In a recent Washington Post op-ed, Alabama Republican Sen. Jeff Sessions said the United States needs to curb legal immigration along with illegal immigration, and fast. We need a timeout, don't you know, and the only folks who favor letting more foreigners in are monocle-wearing, cigar-smoking elitists:
High immigration rates help the financial elite (and the political elite who receive their contributions) by keeping wages down and profits up. For them, what's not to like? That is why they have tried to enforce silence in the face of public desire for immigration reductions. They have sought to intimidate good and decent Americans into avoiding honest discussion of how uncontrolled immigration impacts their lives.
Yeah, the intimidation on anti-immigration beliefs is so strong that only one of the potential Republican presidential candidates, Jeb Bush, is openly in favor of current (much less expanded) levels of immigration. And note that when Sessions (like a lot of restrictionists) talks about "uncontrolled immigration," he's not even talking about illegal immigration. He's talking about the "million mostly low-wage permanent legal immigrants who can work, draw benefits and become voting citizens."
Sessions' views on immigration are not only factually incorrect, they are influential in the GOP. Gov. Scott Walker of Wisconsin has said that he changed his mind on the topic after listening to Sessions' arguments about restricting newcomers. Walker used to be a lot like Jeb Bush. Not no more.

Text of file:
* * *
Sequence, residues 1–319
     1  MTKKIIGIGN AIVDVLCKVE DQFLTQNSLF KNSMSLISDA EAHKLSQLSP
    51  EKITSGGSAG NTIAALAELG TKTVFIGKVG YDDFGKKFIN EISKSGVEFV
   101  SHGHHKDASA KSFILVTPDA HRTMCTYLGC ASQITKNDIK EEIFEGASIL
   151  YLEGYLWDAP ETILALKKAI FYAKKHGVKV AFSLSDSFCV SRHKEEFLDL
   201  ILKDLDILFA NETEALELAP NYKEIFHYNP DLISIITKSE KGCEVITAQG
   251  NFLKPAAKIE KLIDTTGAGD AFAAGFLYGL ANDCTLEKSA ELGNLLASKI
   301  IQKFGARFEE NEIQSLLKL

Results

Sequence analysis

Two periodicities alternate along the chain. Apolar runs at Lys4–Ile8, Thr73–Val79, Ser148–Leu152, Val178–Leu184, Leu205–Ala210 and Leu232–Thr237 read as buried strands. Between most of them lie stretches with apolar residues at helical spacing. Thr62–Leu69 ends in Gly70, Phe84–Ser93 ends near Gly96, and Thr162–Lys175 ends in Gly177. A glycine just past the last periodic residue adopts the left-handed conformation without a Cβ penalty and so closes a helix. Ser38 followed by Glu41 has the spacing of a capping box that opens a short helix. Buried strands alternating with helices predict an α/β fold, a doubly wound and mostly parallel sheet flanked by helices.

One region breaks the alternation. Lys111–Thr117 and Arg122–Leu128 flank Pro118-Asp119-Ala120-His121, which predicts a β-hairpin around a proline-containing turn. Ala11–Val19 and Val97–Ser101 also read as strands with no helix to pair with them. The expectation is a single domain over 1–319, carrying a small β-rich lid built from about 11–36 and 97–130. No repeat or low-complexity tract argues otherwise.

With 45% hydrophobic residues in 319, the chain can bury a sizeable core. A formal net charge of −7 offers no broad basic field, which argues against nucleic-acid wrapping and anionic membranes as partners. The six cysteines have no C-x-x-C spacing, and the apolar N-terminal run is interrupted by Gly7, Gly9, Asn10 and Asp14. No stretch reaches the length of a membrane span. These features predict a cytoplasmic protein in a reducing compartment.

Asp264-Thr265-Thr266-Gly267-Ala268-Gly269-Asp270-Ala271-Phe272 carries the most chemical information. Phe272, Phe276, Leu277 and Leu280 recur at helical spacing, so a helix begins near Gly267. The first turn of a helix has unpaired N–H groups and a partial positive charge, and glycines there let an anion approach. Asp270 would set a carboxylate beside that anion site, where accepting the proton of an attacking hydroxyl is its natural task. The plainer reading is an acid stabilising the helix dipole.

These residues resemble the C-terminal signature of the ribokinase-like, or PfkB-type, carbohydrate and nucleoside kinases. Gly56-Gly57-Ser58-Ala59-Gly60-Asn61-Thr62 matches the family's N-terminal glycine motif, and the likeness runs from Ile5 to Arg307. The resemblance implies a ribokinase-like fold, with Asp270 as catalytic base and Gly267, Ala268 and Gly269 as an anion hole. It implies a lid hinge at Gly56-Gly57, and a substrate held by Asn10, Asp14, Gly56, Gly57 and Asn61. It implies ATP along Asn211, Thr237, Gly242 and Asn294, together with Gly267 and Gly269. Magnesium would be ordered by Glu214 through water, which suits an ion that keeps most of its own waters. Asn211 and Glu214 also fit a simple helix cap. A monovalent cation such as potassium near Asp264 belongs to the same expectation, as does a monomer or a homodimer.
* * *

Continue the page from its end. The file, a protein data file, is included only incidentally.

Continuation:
Elsewhere, Sessions has railed against Trade Promotion Authority (TPA) and the Trans-Pacific Partnership (TPP) for multiple reasons, not least of which is that any sort of agreement "could facilitate immigration increases above current law." Like a good populist, Sessions keeps pushing the idea that TPA, which has been used in such situations since 1974, will somehow lead to Congress voting on a deal it isn't allowed to read ahead of time. That's simply not true. The negotiations between the American team and the other countries are confidential (which makes sense). The TPP will be submitted to Congress for an up-or-down vote. Not secret.
As I wrote at The Daily Beast this week, Republican animus against i
immigration is wildly out of line with the rest of the country. Fully 84 percent of Republicans say they are "dissatisfied" with current levels of immigration (presumably, they want them decreased). Yet just 39 percent of all Americans say they are dissatisfied and want to see a decrease.
Last fall, an NBC/Wall Street Journal poll found that 60 percent of Americans want to give illegals a path to citizenship—a figure that that "jumps to a whopping 74 percent if you qualify that the undocumented immigrants must take steps like paying back taxes."
In the 2012 election, Mitt Romney pulled just 27 percent of the increasingly important Hispanic vote. That was despite the fact that Barack Obama is, in Nowrasteh's accurate term, "Deporter in Chief" who repatriated more immigrants far more quickly than George W. Bush. Hispanics aren't stupid—44 percent of them voted for immigrant-friendly Bush in 2004. They knew things could always get worse and probably would for them under Romney.
With 2016 coming into clearer and clearer focus—and with Hillary Clinton doing her own flip-flop on immigration and now embracing newcomers—the GOP and its presidential candidates have a choice to make. They can follow Ronald Reagan's example and embrace libertarian positions on immigration and free trade. Or they can follow Jeff Sessions's retrograde populism and see just how few Hispanic votes they can pull.
Good luck with the future, Republicans, if you follow Jeff Sessions' lead on immigration.